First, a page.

Hurricane Ian unlikely to pose serious credit risk to Florida banks
Hurricane Ian devastated communities in South Florida, but banks in the region are unlikely to suffer long-term negative effects, equity analysts say.
While banks in affected areas could see an increase in their loan loss reserves, the insurance should protect them against major credit losses. In addition, storms such as Hurricane Ian often lead to longer-term positive effects, such as a resurgence of local economic activity as communities rebuild and insurance funds flow, said stock market analysts.
Major increase in losses unlikely
Sorting out storm impact and insurance coverage will take time, but actual loads compared to reserved levels were low in previous storms like Hurricanes Harvey and Irma in 2017 and Hurricane Dorian in 2019, wrote Raymond James analysts David Feaster and Michael Rose in a note. before Ian’s impact.
While banks in the region could report some weakness in Q4 2022 and Q1 2023 earnings, “realized losses could be much less severe,” the analysts wrote.
In the case of Hurricane Katrina, several banks recorded tens of millions in loan loss provisions, but most of those reserves were reversed over time thanks to insurance proceeds and federal emergency assistance. of disaster, wrote a group of Hovde analysts in another note.
“Whether this will be the case for Ian remains to be seen, but the results of these major storms can often be a resurgence of local economic activity following reconstruction efforts and insurance fund inflows,” the analysts wrote. .
Hurricanes usually end up being more of a problem for insurance companies than banks because all large loans are insured against hurricane damage, especially in Florida where hurricanes are common, said analyst Stephen Scouten. by Piper Sandler, in an interview.
“Hurricane economies are doing very well and they’re getting an influx of insurance money and they’re getting new construction,” Scouten said. “From an economic perspective and from a banking perspective, they end up being quite positive in the long run. From an insurance perspective, not so much.”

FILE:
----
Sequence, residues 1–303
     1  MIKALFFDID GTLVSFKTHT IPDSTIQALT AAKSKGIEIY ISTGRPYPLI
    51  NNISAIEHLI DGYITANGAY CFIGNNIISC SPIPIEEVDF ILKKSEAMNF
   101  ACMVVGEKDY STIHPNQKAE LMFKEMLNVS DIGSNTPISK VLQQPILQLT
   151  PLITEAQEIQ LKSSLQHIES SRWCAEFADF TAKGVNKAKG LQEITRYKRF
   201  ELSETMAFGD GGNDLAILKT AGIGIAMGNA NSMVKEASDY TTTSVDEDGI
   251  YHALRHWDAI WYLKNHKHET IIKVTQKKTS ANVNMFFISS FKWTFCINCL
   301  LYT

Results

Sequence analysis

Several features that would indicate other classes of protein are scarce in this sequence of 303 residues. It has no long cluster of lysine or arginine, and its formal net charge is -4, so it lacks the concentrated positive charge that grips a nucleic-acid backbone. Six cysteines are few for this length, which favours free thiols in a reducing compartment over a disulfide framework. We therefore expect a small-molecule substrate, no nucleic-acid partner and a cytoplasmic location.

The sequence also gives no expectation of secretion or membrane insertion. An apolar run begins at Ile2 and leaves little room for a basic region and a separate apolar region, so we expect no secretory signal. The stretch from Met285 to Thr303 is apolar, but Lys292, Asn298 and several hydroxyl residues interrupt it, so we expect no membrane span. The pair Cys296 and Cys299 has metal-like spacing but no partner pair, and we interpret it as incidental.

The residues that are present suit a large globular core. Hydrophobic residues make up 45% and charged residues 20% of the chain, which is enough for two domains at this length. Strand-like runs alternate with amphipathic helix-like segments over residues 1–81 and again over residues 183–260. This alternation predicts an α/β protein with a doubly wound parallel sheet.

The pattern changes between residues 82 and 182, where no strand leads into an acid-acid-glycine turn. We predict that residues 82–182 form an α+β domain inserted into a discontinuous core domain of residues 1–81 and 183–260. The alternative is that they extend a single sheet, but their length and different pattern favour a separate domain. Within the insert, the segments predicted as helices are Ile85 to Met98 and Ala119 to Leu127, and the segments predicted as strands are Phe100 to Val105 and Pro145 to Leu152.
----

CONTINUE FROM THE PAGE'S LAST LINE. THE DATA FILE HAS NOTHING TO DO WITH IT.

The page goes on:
One area where banks could see an uptick in losses is autos, which may be less insured, but banks aren’t as exposed to this lending segment as they have been in the past, Scouten said.
“If I had to highlight one segment of a bank’s balance sheet, it would be automotive, but again, not a big amount,” he said.
Climate First Bank, based in St. Petersburg, Florida avoided any serious damage from the storm and does not anticipate any major loan losses or credit risk from any of its lenders in the affected areas, CEO Ken LaRoe said in an interview.
“We had a few borrowers who were affected, but not terribly,” LaRoe said. “Our operations are pretty secure.”
For now, many businesses are closed and large numbers of workers are being displaced, said Dr. Chris Westley, dean of the Florida Gulf Coast University business school.
“Those two things make it much more difficult for businesses and debtors to repay their loans,” Westley said. “So just from that perspective, it’s a problem.”
Some banks have temporarily waived late fees for loan repayments to help customers deal with the fallout from the catastrophic storm. For example, Climate First has suspended late fees for loan repayments and overdraft fees on deposit accounts until October 28.
One particularly devastated area is Sanibel Island, one of the state’s most popular tourist destinations and a major contributor to Southwest Florida’s hospitality industry, Westley said.
Sanibel Captiva Community Bank, which ranked 12th among community banks in total deposits in Florida counties affected by Hurricane Ian, declined a request for an interview in a brief statement to S&P Global Market Intelligence.
“Unfortunately, we are still in the thick of it here,” Marketing Director Amy McQuagge said in the press release. “The photos and video of the destruction don’t do it justice. It will be a long time before our community fully recovers and rebuilds.”
A Market Intelligence analysis found that at least 2,209 bank branches and $328.96 billion in capped deposits were affected by Hurricane Ian.
Bank of America Corp. tops the list with $61.79 billion in capped deposits. Wells Fargo & Co. came second, with $47.65 billion in capped deposits, more than $14 billion less than Bank of America.